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There are many reasons why someone might need a guardian. Sometimes it is because they have a medical condition that prevents them from making rational decisions. Other times it is because they are young and have not yet learned how to make good choices. In any case, guardianship usually starts off broad and then narrows down over time as the person improves or learns to make better decisions.

Individuals with intellectual disabilities, for instance, may need a guardian to make decisions on their behalf starting at 18 years old. In some cases, this guardianship will last for the rest of the person’s life. This is because intellectual disabilities can severely impact an individual’s ability to make sound decisions. Therefore, the role of a guardian can help ensure that the individual with an intellectual disability is able to live as safely and comfortably as possible. However, this doesn’t mean that everyone who is appointed a guardian will need one in perpetuity.

For example, someone who is not able to make decisions about their own finances may be given the opportunity to manage $500 for a month. They will need to show the court that they are able to pay bills on time every time they become due. This demonstration of financial responsibility will show that they are capable of managing their finances.

After the guardian oversees their finances for a while, they will get all the money at the beginning of the month and pay every bill themselves. The court will be satisfied that they are capable of handling all their finances.

Someone’s ability to make their own decisions can be shown by living independently for a period of time or taking necessary medications to prevent hospitalization. Each situation is different, and the requirements for each person will vary, but the measures of guardianship can either last a lifetime or be of a much shorter duration.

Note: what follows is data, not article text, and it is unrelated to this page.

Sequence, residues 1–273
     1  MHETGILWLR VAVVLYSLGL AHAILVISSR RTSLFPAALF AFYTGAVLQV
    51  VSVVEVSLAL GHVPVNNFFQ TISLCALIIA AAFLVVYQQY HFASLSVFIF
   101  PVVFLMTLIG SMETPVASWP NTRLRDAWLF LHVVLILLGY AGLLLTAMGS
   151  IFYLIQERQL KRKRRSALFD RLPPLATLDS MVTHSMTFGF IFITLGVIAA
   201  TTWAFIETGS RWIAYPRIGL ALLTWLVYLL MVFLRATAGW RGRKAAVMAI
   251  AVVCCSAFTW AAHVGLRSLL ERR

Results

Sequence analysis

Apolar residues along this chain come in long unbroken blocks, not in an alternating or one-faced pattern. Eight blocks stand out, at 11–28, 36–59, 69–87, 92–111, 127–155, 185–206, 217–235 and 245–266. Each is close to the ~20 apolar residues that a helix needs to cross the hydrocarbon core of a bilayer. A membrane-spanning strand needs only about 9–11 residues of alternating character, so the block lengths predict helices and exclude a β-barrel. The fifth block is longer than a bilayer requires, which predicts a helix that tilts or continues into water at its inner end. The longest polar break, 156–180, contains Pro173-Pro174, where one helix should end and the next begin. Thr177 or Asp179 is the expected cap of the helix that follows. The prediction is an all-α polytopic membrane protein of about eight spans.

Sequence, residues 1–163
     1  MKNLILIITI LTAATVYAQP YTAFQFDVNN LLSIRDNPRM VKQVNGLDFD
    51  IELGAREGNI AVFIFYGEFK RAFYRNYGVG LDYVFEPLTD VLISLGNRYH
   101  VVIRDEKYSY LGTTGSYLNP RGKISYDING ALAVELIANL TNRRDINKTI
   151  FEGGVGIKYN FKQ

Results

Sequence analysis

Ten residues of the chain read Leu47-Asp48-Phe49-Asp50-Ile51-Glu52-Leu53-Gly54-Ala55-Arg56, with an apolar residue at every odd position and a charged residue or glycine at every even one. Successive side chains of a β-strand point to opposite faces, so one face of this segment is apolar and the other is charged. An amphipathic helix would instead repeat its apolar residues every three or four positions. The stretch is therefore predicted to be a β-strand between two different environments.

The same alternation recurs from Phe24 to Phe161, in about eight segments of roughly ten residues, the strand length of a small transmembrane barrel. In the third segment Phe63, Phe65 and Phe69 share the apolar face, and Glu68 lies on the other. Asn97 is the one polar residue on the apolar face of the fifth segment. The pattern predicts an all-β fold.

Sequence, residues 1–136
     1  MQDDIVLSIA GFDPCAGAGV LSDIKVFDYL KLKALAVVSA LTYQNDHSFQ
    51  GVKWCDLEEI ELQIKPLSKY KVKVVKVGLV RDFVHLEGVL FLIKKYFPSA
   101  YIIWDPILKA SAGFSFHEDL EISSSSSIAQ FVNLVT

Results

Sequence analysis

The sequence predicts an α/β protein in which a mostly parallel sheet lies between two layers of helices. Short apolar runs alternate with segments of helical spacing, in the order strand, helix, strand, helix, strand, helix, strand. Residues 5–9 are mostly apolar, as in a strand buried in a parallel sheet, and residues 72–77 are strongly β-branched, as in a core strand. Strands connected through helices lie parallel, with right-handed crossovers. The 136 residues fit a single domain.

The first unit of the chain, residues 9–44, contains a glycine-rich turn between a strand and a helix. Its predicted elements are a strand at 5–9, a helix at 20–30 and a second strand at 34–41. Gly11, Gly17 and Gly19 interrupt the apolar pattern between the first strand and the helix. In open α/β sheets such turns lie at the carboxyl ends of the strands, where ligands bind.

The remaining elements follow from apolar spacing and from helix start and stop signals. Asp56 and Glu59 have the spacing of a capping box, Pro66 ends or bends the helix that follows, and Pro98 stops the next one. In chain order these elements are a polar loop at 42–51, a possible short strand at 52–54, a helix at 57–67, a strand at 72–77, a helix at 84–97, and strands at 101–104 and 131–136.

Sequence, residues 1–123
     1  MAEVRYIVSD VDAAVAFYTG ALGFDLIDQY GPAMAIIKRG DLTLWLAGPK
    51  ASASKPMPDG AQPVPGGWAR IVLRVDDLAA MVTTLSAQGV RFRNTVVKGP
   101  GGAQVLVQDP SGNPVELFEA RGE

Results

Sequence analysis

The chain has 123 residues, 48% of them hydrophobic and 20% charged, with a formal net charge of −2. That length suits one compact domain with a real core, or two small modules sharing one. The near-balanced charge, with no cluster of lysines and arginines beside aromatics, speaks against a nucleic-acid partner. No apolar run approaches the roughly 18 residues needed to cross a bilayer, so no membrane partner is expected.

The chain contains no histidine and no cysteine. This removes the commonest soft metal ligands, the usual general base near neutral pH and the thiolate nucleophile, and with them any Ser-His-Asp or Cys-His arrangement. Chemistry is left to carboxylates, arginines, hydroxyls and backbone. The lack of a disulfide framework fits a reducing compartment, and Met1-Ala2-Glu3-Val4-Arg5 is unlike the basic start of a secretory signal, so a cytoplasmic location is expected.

When Guardianship Can Be Ended Early?

Guardianship can be ended prematurely if the ward demonstrates the ability to manage their own affairs. This was the case in an instance where I served as the guardian ad litem. We were sure that this person would remain in a coma for their whole life, yet they proved us wrong.

One day, this person called the office and said that they were the client. I was surprised to learn that they had a severe medical anomaly that was cleared by a medication change. In this case, that person’s guardianship was terminated fairly quickly and easily.

Guardianship Modification

The purpose of guardianship is to provide care and protection for someone who is unable to do so themselves. The court oversees each guardianship to make sure that these tasks are being carried out properly, and that the person receiving care is protected and properly taken care of. To do this, the court requires annual reports from guardians and keeps up with these reports to ensure that the guardian is doing their job correctly.

There are many reasons why guardianship may be removed by the court. Some of the most common reasons include misuse of funds, neglect of the ward, or incompetence on the part of the guardian. In many cases, the guardian may simply pass away. Whatever the reason, it is important to understand that any guardianship can be revoked or considered for removal by a court of law or as a result of a request for modification from any party.

The Petition For Guardianship: Reasons for Challenges and Denials

A guardianship petition can be denied for various reasons. One reason is if a doctor is unwilling to determine that the person is medically incapable of meeting their own needs or being able to carry out their own day-to-day activities.

Another reason is if there are technicalities in the procedure. We find that that happens in cases where folks represent themselves rather than when an experienced attorney for guardianship assists them. If you file a petition and it is dismissed, you may be responsible for the guardian ad litem’s costs.

For more information on Guardianships Law in North Carolina, an initial consultation is your next best step. Get the information and legal answers you are seeking by calling (980) 324-3099 today.

 Hometown Counsel

Call Now To Speak With A Dedicated Attorney!
(980) 324-3099

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